Samādhi Power in Imperial Japan

Brian Victoria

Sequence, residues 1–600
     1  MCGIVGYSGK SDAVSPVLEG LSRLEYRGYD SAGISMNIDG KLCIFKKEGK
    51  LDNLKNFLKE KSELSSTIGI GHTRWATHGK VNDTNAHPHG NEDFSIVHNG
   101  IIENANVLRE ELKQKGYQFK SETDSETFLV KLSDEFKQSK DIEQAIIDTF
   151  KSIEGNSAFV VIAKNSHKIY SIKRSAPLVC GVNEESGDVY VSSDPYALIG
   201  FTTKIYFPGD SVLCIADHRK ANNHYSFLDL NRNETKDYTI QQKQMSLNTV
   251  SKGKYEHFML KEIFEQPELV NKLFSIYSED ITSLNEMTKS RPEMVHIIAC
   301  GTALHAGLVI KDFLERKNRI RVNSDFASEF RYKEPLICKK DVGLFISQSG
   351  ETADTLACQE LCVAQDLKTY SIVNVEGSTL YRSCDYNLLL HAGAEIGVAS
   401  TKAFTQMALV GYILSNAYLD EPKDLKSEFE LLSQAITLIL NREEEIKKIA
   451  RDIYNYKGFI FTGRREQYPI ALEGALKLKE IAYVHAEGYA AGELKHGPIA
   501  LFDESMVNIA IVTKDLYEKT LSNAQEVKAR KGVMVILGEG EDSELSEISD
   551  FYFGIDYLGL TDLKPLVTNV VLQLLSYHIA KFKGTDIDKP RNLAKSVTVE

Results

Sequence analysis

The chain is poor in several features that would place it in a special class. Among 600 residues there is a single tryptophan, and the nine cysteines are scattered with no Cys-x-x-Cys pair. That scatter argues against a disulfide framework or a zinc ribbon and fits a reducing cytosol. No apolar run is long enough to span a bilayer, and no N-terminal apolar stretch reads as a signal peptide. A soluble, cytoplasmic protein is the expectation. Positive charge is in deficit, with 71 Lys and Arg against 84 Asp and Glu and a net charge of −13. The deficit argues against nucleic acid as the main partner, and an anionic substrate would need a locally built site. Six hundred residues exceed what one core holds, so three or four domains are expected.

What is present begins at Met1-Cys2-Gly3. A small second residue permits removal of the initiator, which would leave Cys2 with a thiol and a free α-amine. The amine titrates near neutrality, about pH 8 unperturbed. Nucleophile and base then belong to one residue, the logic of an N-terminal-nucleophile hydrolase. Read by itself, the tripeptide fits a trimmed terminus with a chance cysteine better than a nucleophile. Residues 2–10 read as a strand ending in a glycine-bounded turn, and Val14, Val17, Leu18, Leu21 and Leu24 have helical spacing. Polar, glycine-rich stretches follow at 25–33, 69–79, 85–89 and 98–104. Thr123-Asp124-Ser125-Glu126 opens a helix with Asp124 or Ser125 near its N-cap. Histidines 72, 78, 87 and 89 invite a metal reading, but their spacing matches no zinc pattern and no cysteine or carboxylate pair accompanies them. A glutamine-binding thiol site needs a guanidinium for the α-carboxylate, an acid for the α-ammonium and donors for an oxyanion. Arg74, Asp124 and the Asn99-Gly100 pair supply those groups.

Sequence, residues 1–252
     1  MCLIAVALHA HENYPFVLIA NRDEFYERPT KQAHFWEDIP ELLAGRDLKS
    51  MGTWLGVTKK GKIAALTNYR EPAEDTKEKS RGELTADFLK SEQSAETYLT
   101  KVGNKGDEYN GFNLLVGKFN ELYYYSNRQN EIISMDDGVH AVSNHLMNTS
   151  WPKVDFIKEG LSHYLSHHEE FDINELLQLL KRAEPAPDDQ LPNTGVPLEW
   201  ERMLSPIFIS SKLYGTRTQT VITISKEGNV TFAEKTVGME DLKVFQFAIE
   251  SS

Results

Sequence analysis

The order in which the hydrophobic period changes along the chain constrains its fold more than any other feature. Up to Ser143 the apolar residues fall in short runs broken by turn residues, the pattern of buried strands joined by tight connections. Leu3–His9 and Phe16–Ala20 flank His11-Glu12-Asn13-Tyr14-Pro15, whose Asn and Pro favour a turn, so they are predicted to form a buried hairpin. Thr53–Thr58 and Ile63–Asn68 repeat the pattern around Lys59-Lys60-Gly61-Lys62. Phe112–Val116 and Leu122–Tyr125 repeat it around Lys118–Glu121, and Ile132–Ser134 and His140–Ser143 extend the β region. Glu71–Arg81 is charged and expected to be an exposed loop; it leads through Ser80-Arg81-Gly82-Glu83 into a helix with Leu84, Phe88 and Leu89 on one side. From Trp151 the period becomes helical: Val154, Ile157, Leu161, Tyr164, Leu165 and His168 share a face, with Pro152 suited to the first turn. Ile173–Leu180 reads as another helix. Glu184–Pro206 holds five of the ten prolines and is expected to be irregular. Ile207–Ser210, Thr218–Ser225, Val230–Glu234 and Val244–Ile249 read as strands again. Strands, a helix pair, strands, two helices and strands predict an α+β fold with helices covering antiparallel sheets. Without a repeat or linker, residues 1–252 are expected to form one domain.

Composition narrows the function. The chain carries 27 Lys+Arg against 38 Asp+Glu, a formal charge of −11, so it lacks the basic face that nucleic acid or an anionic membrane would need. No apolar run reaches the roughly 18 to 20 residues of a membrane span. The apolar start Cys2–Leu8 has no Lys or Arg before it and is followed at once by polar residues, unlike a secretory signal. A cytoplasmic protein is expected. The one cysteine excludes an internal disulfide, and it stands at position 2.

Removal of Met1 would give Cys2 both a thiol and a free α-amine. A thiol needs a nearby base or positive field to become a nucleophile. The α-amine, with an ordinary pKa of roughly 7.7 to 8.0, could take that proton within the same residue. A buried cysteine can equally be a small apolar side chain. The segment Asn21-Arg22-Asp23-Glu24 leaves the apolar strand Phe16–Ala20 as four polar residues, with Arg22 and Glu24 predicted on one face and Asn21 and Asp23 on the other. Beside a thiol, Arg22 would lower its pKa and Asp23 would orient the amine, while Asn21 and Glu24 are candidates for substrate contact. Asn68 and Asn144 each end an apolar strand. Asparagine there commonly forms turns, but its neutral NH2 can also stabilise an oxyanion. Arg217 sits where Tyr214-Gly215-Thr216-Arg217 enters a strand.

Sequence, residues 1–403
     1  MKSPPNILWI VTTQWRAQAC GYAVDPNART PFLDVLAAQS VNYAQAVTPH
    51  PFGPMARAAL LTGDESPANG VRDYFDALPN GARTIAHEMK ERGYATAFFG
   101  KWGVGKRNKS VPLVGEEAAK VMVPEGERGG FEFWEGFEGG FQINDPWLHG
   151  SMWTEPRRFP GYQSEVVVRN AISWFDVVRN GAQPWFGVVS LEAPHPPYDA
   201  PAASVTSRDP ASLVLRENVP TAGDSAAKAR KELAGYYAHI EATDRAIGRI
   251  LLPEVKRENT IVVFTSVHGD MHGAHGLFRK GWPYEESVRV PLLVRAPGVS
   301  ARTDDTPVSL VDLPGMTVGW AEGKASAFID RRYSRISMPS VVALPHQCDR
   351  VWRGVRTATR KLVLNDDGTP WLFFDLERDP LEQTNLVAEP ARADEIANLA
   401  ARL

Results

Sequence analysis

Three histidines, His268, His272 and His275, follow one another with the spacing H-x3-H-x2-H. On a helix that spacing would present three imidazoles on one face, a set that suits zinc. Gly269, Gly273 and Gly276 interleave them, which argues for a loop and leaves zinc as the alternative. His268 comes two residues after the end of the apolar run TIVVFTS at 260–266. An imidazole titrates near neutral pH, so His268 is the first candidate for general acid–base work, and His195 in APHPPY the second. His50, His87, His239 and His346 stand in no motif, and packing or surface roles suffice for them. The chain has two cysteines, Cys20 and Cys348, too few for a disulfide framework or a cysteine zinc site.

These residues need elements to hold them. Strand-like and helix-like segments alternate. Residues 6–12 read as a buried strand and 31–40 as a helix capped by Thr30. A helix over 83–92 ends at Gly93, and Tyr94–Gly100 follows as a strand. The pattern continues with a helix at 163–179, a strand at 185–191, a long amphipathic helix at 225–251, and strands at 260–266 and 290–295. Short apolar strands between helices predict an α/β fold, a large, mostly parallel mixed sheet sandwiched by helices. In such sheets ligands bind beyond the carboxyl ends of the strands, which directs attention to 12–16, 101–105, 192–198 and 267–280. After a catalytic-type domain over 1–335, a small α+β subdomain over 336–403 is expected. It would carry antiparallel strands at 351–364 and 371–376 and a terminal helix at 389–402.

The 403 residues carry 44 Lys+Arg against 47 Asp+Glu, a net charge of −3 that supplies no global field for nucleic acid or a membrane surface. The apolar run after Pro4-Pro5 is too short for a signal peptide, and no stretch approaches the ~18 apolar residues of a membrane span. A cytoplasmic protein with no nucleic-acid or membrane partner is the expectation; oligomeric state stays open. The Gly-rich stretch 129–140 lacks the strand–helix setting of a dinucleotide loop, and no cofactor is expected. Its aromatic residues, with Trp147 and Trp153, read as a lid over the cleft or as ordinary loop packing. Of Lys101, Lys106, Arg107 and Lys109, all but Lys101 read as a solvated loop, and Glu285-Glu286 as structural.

Samādhi and the mental power associated with it form the foundation upon which the Zen school is built. Without samādhi, “Zen”, i.e. “meditation”, would become just another “mental health” practice rather than the basis for a profound realization of the true nature of the self. Yet, inasmuch as this long-acknowledged mental power constitutes an indivisible and integral part of samādhi, there is the ever-present danger that it can be misused or abused by oneself and/or others. The abuse described in this article, while rooted in premodern Japan, was most clearly visible during the period of Japan’s modern military aggression, beginning with the Sino-Japanese War of 1894-95 and extending through Japan’s ultimate defeat in the Asia-Pacific War on August 15, 1945. During this period, samādhi power was, among other uses, employed to enhance the meditator’s ability to kill others. This article focuses on the abuse of samādhi power within Imperial Japan (1868-1945) with the express hope that once exposed and understood, its abuse will never be repeated. 

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